social media banner

twitter

Twitter @Cuh_cork

youtube

CUH on YouTube

facebook

CUH on Facebook

 

Poster Competition

28 March 2017

Poster Competition INMO Operating Department Conference

One of the posters sent from the Operating Theatre Department CUH won 2nd prize at the INMO Operating Department National Conference on Saturday March 25th.

Please click here to view poster.

Abstract: Perioperative normothermia (core body temperature 36 – 37.5°Celcius)is a necessary factor in maintaining patient safety, achieving positive surgical outcomes and patient satisfaction. Significantly, maintaining normothermia has been proven to decrease the postoperative length of hospital stay by as much as 40%, and has been shown to decrease the risk of surgical site infections by 64% (Lynch, Dixon & Leary, 2010).

A nurse-led clinical audit was undertaken in the Operating Theatre Department of Cork University Hospital (CUH) from November 2016 to February 2017. The purpose of this audit was to establish the incidence of Inadvertent Perioperative Hypothermia (IPH) in the department, and examine how staff managed patient care to prevent it from occurring. IPH is defined as a core body temperature less than 36° C (Hart et al, 2011). The process also set out to raise awareness amongst PeriOperative healthcare staff on the importance of and recognition of IPH, to illustrate the impact it has on surgical patients and to improve patient outcomes.

This nurse led audit, which occurred in consultation with Department of Anaesthesia and Department of Surgery, sought to determine at what specific part of the perioperative pathway the issue of IPH commences, what interventions were put in place and their effectiveness. The audit tool was developed by the authors, with input from two Consultant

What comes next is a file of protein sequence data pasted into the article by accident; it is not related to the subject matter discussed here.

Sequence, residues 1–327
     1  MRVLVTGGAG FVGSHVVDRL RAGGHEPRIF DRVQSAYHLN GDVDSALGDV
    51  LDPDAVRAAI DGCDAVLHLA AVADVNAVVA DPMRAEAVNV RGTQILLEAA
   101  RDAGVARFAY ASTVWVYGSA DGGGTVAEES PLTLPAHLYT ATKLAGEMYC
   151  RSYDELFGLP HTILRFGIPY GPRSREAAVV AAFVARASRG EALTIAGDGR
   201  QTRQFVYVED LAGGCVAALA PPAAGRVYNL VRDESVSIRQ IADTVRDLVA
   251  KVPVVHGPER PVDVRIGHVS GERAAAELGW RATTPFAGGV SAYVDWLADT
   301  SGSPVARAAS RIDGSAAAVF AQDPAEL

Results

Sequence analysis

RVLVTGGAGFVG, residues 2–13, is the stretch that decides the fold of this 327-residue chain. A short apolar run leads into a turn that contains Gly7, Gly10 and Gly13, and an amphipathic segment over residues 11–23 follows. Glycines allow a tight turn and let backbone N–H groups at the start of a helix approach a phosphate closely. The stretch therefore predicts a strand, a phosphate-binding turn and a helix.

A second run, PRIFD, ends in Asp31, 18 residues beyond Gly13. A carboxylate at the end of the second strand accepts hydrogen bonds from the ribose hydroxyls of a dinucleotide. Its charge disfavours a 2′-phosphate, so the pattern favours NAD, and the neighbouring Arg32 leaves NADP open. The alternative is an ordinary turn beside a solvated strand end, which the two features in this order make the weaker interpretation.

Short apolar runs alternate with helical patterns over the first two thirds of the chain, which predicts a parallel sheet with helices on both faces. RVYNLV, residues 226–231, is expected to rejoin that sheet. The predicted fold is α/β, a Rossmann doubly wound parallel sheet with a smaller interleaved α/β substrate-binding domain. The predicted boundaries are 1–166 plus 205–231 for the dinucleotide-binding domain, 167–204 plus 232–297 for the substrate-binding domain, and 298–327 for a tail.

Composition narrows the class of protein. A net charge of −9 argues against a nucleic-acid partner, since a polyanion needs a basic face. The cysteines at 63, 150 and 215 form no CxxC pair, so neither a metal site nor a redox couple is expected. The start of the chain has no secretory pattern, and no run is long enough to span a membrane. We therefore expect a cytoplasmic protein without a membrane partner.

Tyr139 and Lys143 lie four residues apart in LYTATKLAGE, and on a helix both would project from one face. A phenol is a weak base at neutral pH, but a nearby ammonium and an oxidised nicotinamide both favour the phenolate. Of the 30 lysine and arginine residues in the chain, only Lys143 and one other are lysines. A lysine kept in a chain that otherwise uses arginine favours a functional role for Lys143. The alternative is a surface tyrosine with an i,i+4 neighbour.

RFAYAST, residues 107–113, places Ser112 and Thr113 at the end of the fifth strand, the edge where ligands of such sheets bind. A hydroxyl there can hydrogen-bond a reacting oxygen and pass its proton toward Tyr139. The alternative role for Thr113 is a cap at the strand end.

Anaesthetists and one General Surgical Consultant. The questions were based on evidence from both local policy and NICE guidelines (2008). 100 patients (both adults and children) were included in the audit which was conducted over a 4 month period. The following surgical specialities were involved in the process; breast, urology, vascular, cardiac and emergency surgery. Patient care in the recovery room was captured for all patients in this context. Each patient’s temperature was recorded at 5 different times during the peri-operative pathway (on arrival to theatre reception, on arrival to theatre suite, leaving theatre suite, arrival to recovery room, leaving recovery room) and the warming intervention used were noted. Patient details, the surgery performed and the patient’s risk factors were recorded. These risk factors included patient exposure, type of anaesthesia (+/- combined), fasting time (reduced metabolism), patient’s age, health status (ASA Grade 2 or over), cardiovascular disease, BMI, major surgery (> 2 hours, abdominal), use of premedication amongst others (AORN, 2014).

The results of audit have been correlated and will be used to inform quality improvement initiatives with the intention of improving patient care standards in the Operating Theatre Department, CUH. Improvements to date include increased staff awareness of the incidence of IPH and the patient care interventions required in order to prevent it. Individual consideration is now given to each patient by incorporating warming measures as early as possible in their perioperative pathway. Additional thermometers have been made readily available throughout the department to
assess and monitor patient temperature during their PeriOperative journey. Finally, the policy on prevention and management of IHP in CUH has been reviewed and updated accordingly.